Monday, 30 September 2013

Yesterday a local idiot

was disturbing the Sunday peace and using a chainsaw.  One of the neighbours complained about this when I went, cautiously, outside to try and find out what was going on.
The neighbour had been around to investigate. He came across and told me who it was and what he was doing.
It did not surprise me but it did disgust me. The chainsaw user is a man who talks long and often (I will not say "incessantly" as that would not be true) about the need for everyone to be concerned about global warming. It is one of his pet themes of conversation, along with the iniquities of the new Federal government, waste of taxpayer monies, council rates and a few other things. I am sure most people know someone like him.
Yes, he is concerned about global warming, very concerned. He is so concerned about it that he protests. He writes letters. He demands to see his local and federal MPs about the issue.
At the same time he lives in an environment that I would, until this weekend, have called "almost sterile". His back yard is, according the people who live either side of him "paved" with artificial lawn.
His front yard has a few struggling dusty "natives" and the tree. The tree was, like many in the district, a jacaranda.  In full flower they are magnificent. Their purple lace against the rough grey-brown of the bark and the blue of the sky is something that people take the time to photograph. There are several long streets you can look down and see one jacaranda after another. The roads and footpaths are paved with purple. The air is filled with a faint but definite odour of honey.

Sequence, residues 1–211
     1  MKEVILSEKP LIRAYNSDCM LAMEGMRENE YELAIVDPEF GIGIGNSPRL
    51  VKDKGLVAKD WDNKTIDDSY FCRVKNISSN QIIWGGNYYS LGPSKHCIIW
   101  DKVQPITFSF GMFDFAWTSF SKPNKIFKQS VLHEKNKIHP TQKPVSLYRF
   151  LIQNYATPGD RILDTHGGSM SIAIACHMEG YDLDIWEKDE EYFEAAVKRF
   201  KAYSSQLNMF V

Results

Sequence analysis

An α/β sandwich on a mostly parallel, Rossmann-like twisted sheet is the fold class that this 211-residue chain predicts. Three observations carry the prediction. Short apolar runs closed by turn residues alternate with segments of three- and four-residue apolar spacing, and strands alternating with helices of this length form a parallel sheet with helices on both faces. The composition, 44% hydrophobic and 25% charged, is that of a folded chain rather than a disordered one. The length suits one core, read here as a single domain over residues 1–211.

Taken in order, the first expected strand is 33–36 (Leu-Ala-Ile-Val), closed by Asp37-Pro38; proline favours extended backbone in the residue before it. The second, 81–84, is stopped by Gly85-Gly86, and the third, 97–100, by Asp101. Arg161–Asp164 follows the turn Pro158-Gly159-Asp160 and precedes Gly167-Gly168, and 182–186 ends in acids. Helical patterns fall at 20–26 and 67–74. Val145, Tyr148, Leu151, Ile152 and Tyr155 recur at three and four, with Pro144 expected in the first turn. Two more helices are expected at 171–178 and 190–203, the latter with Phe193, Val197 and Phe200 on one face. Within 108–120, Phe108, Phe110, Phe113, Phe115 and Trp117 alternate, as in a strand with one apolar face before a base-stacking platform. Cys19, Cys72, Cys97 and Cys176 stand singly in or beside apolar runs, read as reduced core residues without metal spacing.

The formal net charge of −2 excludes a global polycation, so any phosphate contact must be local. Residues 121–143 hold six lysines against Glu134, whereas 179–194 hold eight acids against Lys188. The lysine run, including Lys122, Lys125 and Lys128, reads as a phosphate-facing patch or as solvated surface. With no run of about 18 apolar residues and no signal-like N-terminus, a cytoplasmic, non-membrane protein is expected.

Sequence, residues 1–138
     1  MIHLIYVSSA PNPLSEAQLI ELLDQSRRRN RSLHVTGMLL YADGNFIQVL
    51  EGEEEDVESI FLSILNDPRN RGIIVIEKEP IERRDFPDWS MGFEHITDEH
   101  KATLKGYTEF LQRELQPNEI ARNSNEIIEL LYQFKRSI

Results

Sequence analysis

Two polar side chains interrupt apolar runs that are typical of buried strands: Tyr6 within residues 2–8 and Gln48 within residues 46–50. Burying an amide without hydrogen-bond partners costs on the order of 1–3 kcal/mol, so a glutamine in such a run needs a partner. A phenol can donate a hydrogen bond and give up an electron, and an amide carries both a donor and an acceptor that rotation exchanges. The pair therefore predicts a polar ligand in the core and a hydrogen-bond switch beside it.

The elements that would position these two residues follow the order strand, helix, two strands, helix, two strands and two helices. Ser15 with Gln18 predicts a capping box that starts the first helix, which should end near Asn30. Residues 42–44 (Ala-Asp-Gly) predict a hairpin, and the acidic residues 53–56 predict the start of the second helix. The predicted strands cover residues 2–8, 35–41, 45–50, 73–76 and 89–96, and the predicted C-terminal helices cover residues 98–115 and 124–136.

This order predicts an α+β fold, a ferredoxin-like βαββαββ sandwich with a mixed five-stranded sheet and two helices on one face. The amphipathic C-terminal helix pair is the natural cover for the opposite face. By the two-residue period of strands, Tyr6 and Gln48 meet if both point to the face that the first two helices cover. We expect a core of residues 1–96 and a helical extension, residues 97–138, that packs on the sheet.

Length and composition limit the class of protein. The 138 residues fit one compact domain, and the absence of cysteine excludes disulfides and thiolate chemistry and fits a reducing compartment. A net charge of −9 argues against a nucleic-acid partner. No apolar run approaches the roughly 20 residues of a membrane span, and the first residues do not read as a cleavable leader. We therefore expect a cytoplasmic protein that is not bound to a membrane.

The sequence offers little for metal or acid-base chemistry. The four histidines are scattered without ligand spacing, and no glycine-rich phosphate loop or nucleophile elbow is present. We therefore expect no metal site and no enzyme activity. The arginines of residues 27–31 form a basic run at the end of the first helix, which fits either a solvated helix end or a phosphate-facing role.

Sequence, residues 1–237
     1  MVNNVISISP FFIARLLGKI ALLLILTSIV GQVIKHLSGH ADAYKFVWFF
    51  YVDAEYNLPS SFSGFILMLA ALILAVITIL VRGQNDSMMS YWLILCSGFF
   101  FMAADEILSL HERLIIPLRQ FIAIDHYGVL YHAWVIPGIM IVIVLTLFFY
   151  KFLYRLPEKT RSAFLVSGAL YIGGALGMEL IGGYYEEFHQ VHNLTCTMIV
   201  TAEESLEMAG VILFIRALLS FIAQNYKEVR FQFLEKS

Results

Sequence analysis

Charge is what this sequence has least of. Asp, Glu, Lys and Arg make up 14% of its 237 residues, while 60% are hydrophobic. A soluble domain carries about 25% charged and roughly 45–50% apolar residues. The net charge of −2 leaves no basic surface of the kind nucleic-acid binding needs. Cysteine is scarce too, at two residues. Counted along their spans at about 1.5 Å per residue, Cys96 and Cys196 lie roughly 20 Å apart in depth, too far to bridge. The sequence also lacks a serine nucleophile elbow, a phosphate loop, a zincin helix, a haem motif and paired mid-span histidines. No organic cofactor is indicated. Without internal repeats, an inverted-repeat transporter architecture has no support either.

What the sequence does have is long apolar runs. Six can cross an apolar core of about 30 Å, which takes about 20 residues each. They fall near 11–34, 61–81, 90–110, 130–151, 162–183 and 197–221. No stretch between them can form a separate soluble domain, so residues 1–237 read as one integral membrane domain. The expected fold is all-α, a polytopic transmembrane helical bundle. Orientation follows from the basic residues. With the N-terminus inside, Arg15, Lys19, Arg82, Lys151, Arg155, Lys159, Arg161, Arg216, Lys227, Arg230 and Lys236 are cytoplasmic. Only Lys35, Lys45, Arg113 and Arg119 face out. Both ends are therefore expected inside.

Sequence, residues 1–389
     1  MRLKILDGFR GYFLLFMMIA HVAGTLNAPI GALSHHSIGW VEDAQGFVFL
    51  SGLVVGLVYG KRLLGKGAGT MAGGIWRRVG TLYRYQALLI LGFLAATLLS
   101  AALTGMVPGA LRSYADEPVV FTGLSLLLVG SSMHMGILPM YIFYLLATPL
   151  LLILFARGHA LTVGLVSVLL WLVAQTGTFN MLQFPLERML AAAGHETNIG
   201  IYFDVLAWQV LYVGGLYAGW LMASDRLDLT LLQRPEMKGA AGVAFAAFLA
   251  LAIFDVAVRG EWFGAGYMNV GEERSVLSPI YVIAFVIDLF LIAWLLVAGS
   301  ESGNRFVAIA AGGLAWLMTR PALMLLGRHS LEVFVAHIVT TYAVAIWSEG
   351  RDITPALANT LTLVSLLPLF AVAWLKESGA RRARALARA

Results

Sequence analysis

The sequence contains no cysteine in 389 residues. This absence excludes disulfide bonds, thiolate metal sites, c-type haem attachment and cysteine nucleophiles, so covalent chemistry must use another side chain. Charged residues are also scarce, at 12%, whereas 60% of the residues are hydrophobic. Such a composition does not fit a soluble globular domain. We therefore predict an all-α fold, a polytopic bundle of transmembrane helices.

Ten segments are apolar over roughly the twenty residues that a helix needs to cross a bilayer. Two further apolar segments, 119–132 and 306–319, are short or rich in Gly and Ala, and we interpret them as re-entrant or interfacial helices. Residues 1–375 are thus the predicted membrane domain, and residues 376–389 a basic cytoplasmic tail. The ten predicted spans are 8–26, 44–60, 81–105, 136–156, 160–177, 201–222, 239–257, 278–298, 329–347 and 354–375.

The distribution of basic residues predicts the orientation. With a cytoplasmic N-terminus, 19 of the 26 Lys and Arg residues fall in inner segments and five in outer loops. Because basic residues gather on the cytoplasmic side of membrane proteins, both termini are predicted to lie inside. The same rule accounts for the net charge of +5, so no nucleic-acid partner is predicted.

Oh yes, jacarandas drop flowers and pods and other bits and pieces. They make a mess. Most people love the mess. It says "spring" and "summer is on the way". The flowers never last long, a few weeks at the most. The pods are more of a nuisance but they can be handled and most people are more than happy to deal with them.
But no, he is not happy to deal with them. We should be rid of all jacarandas. He is "campaigning" for this. So far nobody has taken any notice of this.
His wife has wanted to keep the jacaranda. She would love a real garden but he insists there is no time for them to have one. They both work full time. Obviously he has finally won the argument - or just doing it anyway. The tree has been removed. No doubt there will be more noxious artificial lawn put in to replace. It will look green but it still requires maintenance. In summer it is hot and it can, I believe, give off a nasty gas. The artificial lawns I have seen look impossibly well manicured. Give me the real stuff.
I associate the flowering of the jacarandas with the death of my mother. As they were coming into flower she was dying. We were travelling backwards and forwards each day to the hospital and watching the flowers open and the sky fill. I told him this once and he could not understand why I would ever want to see a jacaranda.